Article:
Then using a for each loop I would iterate over each string. In each iterate filter the table you already read from Excel and filter by the PO number, iterate over each filtered row and build a string containing all the data, then write that to a file.

Thanks all for your insights.

@artur.stepniak I agree that having it as dispatcher/performer enables us to scale. That is the reason I want to make it work with the said approach.

However, as @Jon_Smith pointed out, if PO is the transaction (queue item), I have to find a way to add line items as specific content. And with that effort, I might as well write that to a text file already.

@Jon_Smith you raised good points. In your suggested design with the file being the unit of work, I assume it’s only 1 process and not 2(dispatcher/performer)? I’m wondering how would this work if more bots are to be added in the future?

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I would stick to REF, even though it can be done with simpler workflow design.
Why… most of the basic control mechanisms are there, and you don’t have to worry about that part of the disign.

You can go with separate dispatcher / performer, but that is a bit overkill unless you indeed need scalability over multiple robots, in case of large volumes.

A single REF, as hybrid, with a dispatcher workflow in the init reads your excel, adds a queueitem for each PO. The challenge is bundling the row data in the excel into a single queue item.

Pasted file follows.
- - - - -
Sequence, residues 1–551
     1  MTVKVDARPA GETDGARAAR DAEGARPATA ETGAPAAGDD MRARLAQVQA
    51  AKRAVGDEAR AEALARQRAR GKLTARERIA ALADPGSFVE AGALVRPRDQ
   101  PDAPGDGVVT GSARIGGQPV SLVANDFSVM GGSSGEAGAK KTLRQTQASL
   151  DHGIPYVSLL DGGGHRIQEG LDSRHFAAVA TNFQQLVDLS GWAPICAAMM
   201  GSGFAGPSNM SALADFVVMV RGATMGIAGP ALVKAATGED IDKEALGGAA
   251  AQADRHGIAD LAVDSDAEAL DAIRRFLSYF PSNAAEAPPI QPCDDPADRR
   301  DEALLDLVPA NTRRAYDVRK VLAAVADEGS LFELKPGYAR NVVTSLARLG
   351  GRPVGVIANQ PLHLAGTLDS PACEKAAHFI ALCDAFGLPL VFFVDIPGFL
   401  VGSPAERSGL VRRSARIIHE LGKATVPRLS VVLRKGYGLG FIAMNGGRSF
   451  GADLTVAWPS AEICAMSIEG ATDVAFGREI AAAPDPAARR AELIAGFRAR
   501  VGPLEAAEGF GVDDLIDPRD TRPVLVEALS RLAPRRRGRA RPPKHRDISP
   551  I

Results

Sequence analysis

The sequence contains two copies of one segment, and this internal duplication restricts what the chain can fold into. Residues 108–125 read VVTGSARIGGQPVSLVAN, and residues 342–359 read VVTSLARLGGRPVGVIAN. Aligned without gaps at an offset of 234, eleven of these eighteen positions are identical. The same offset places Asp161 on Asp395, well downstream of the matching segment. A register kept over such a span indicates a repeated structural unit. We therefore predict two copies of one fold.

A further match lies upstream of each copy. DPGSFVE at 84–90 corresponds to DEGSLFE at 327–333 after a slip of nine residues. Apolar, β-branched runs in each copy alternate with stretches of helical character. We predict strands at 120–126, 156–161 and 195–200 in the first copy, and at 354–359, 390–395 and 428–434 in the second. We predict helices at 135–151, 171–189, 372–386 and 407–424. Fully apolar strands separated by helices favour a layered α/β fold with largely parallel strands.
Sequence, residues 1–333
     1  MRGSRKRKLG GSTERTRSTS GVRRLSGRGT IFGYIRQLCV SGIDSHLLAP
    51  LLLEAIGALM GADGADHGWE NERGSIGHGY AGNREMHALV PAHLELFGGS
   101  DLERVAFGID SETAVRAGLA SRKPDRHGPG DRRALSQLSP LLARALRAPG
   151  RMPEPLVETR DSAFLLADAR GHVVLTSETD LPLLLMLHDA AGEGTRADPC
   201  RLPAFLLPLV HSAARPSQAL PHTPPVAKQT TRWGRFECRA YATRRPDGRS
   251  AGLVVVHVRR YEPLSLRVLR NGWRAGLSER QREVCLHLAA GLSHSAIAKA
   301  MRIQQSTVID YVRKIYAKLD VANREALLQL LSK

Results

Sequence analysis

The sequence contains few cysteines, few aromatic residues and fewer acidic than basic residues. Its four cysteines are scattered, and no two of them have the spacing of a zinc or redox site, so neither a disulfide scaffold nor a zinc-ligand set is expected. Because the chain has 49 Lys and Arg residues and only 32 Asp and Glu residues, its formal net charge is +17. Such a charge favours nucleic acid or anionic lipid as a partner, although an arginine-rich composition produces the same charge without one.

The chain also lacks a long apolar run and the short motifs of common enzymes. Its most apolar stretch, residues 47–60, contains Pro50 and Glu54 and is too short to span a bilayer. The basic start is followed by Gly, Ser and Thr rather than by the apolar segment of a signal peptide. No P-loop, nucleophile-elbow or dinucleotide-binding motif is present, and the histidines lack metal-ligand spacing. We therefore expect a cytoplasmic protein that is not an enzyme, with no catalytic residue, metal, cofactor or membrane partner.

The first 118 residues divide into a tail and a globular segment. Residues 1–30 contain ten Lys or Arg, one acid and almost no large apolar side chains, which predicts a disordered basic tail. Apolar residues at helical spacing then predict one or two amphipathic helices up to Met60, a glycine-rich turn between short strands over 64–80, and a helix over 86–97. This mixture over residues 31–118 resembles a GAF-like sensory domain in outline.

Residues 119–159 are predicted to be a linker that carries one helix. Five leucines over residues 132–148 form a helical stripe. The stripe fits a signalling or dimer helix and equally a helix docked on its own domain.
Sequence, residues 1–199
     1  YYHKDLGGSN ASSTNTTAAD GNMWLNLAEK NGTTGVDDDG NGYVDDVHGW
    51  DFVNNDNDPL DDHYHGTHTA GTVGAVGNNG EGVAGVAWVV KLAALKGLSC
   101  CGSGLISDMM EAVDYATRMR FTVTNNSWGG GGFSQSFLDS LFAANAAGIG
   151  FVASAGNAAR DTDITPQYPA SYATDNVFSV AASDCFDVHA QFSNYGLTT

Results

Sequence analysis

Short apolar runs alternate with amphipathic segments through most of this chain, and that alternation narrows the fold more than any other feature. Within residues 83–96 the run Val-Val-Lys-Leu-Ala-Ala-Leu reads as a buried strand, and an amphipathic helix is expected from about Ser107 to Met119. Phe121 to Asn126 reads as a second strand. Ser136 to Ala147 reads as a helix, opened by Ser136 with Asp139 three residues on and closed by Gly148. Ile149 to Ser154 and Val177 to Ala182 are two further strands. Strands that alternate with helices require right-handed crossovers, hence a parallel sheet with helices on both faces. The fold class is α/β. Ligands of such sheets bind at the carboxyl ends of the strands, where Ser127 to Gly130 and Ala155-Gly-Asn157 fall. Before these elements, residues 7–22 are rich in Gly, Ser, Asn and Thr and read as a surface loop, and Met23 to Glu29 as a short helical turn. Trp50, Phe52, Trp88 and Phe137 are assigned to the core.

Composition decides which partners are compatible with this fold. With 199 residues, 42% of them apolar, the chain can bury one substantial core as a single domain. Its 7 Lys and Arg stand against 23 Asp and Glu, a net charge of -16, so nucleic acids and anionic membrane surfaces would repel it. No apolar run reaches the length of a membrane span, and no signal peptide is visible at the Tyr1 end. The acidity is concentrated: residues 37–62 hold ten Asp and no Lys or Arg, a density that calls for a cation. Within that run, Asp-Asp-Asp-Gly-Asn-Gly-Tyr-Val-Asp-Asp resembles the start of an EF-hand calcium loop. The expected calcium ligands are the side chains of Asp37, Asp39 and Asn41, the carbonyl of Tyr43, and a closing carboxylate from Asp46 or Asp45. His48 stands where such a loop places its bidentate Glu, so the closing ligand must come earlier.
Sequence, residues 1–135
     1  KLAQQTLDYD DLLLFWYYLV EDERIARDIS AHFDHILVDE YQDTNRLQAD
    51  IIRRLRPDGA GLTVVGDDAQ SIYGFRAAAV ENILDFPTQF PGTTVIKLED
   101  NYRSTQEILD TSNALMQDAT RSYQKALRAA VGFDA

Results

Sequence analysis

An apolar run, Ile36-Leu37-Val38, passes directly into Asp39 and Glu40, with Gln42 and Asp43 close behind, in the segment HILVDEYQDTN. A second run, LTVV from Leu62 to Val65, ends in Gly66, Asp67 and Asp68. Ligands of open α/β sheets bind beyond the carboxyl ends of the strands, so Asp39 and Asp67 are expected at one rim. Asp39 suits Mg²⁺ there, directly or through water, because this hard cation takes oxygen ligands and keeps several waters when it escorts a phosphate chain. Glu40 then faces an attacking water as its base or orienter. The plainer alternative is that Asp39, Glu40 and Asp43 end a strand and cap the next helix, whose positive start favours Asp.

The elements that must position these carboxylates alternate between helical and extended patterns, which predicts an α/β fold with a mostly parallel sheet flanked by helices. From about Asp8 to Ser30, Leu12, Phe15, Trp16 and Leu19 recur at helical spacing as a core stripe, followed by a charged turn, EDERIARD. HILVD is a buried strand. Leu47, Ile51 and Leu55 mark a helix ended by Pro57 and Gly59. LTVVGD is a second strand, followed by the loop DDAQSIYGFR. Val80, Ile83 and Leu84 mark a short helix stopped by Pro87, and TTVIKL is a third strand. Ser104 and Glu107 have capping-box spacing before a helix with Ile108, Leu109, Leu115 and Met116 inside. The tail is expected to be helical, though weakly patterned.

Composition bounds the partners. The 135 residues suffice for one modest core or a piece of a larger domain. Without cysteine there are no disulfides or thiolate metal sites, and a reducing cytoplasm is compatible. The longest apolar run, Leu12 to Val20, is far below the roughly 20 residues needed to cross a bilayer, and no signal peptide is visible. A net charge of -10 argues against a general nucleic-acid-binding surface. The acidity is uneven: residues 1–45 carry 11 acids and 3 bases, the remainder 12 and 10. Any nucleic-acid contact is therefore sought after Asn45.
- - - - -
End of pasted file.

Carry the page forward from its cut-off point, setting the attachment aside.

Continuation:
Here I see a few options.

  • You can continuously filter the excel-extracted DT per unique value, convert that to a json string and add that as specific content to the queue item.
    In the process/performer part you translate that json string into the lineitem info.
    → in my oppinion a bit messy on the dispatcher side, and might run into limitations if you have large orders with a great amount of lineitems, and run into the limitations of the specific content size. (Though I read in another post that this has a 1Mb limit, you might want to avoid unneeded storage of this data)

  • just add a queue item for each PO number, where you set the queue restriction on unique reference. Capture the duplicate reference errors and ignore those. Add the source filename as specific content parameter.
    In the process part you open the sourcefile again based on the specific content, filter it on the PO and you have the same data available again.
    → You’d need to cover proper file access to the same excel (read only / shared file) if you want multiple bots to process the same info in parallel.

Option 2 is probably the easiest to implement, especially if you want to lean on the existing REF instead of designing your workflow from scratch.